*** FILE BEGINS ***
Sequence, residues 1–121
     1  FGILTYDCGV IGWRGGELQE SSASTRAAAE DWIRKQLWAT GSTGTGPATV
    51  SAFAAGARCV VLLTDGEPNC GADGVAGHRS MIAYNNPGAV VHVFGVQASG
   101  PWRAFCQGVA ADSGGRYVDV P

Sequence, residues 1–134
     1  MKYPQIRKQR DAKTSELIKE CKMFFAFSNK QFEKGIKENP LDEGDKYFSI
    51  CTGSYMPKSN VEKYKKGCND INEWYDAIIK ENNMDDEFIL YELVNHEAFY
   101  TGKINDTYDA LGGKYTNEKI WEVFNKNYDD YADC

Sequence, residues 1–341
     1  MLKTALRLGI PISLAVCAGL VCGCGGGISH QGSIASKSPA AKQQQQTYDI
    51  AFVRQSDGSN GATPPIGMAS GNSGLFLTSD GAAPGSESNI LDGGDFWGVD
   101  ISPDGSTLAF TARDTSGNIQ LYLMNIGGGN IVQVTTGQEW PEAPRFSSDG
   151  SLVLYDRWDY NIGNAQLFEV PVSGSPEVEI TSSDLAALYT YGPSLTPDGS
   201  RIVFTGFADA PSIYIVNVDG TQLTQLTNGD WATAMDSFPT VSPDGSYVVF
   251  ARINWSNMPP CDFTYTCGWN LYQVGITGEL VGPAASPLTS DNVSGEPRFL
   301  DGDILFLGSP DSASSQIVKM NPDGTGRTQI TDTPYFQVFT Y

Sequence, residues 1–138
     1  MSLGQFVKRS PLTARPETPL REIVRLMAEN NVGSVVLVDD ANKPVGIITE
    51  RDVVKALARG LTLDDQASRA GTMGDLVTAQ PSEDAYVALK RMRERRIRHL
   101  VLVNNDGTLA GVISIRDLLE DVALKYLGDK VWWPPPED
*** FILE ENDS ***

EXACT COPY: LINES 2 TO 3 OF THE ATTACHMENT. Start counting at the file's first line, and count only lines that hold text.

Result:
     1  FGILTYDCGV IGWRGGELQE SSASTRAAAE DWIRKQLWAT GSTGTGPATV
    51  SAFAAGARCV VLLTDGEPNC GADGVAGHRS MIAYNNPGAV VHVFGVQASG